I go up into the Forest as often as I can - it only takes five minutes to walk from my front door, to the gate which leads to the path to the Forest. I can be in the "Forest proper" in ten or fifteen minutes, which is such a blessing. The Forestry Commission has done a lot of work to ensure that the path is navigable all year round (when we first moved to the village, it used to be "wellies only" except in the driest part of the Summer). Nowadays, I can walk in trainers for most of the year, and walking boots for the rest. Working from home as I mainly do, I can choose my times of walking, whenever the weather seems propitious, or to clear my mind, or to soothe my spirit.

I have blogged on here before about the glories of Autumn in the Forest, and I am looking forward very much to the next few weeks, as the leaves begin to turn, and the trees show just how colourful they can be when they really try. I am so very blessed to live in amongst it all.

Sunday, 28 August 2016

This Changes Everything

I've been attending our Unitarian Summer School at Great Hucklow for eight years now, and each year, I come home changed, enlightened, and enriched (and generally a couple of pounds heavier, but that is another story!)

My friend and colleague Danny Crosby usually invites people to worship with the words: "Come as you are, exactly as you are...but do not expect to leave in exactly the same condition..." and Summer School is much the same. It provides a rich mixture of worship, theme talks, engagement groups, and other optional activities.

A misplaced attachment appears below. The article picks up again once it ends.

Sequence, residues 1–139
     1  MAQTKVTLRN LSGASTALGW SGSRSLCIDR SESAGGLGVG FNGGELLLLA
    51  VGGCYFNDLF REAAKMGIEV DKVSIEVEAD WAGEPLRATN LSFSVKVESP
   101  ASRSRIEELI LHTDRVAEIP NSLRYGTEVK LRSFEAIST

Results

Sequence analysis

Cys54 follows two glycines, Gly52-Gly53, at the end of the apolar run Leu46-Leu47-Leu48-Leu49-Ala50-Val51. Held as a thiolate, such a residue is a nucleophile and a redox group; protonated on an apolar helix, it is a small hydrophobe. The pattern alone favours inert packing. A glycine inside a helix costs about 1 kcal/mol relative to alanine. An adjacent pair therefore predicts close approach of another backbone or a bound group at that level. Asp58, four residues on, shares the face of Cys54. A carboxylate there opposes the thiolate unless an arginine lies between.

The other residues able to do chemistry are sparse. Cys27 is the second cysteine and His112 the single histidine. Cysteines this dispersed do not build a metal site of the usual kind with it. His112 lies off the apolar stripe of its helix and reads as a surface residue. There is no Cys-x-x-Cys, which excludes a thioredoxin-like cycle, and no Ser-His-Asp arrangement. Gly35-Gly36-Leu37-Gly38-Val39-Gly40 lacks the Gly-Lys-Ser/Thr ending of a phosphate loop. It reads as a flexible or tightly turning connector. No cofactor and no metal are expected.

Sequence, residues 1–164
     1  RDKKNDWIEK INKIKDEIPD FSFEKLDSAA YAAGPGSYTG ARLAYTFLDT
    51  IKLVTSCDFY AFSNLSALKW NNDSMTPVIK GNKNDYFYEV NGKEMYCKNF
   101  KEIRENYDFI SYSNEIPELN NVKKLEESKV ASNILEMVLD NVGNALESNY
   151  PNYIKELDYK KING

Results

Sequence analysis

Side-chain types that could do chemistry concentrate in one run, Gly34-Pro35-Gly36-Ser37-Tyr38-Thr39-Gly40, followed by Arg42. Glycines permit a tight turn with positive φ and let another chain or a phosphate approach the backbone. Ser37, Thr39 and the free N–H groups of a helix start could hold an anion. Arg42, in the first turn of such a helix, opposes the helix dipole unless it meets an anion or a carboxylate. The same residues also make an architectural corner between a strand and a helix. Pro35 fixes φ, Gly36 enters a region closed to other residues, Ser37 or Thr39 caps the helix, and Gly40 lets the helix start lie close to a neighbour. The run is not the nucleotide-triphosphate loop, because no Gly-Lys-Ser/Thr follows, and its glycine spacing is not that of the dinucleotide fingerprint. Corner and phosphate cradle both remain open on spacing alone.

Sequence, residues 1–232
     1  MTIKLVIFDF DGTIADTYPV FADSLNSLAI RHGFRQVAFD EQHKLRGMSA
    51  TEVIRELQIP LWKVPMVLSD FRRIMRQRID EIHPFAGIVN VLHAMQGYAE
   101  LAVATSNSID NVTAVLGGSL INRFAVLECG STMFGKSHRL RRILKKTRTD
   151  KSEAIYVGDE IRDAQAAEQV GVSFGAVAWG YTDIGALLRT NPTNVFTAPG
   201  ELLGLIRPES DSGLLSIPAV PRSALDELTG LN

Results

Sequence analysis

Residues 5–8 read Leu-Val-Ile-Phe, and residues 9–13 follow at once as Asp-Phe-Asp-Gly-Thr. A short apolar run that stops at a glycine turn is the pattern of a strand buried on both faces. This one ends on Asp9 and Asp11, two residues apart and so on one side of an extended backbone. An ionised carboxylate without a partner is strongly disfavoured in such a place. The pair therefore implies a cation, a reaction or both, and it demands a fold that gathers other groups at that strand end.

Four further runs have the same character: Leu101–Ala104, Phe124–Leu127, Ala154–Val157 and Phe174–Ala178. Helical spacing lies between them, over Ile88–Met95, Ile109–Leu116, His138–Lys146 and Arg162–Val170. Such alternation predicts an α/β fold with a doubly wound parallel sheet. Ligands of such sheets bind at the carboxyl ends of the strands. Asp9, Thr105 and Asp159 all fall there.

This year's theme was 'This changes everything'. We were treated to some outstanding theme talks, and inspirational engagement groups. In my group, we were asked to discern / work on a credo or touchstone to which we might turn in times of shock, uncertainty, and change. This was a very deep and enlightening process.

But the thing I have taken away this year, that I haven't been able to stop thinking about in the last couple of days, is a lovely song, which was taught to us all at the end of one of the theme talks, by Nancy Crumbine, a Summer School stalwart from the US. It goes like this:

Here I am, here and now, in this moment,
Here I am, in the place I am meant to be
Nothing can hurt me, nothing can shake me
I am free, I am whole.

This is what I love so much about Summer School - the unexpected, life-changing gifts it provides, year after year. It is the spiritual highlight of my year, and I wouldn't miss it for the world. I am so very grateful to everyone who contributes: to the Summer School Panel, who work for months to get it all in place; the facilitators of the engagement groups; the leaders of the optional activities; the worship leaders for morning devotions and epilogues; the minister for the week; and the Nightingale Centre staff. And to all the participants who come along prepared to be open and vulnerable, and to trust the process, and to grow and change.